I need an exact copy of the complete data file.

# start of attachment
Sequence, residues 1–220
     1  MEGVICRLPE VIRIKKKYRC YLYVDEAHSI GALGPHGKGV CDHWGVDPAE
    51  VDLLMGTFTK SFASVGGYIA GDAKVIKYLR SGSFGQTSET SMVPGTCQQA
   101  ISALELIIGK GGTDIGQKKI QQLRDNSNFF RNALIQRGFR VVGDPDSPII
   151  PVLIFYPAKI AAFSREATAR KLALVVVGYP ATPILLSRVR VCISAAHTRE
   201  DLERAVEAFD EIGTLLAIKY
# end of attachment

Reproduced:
Sequence, residues 1–220
     1  MEGVICRLPE VIRIKKKYRC YLYVDEAHSI GALGPHGKGV CDHWGVDPAE
    51  VDLLMGTFTK SFASVGGYIA GDAKVIKYLR SGSFGQTSET SMVPGTCQQA
   101  ISALELIIGK GGTDIGQKKI QQLRDNSNFF RNALIQRGFR VVGDPDSPII
   151  PVLIFYPAKI AAFSREATAR KLALVVVGYP ATPILLSRVR VCISAAHTRE
   201  DLERAVEAFD EIGTLLAIKY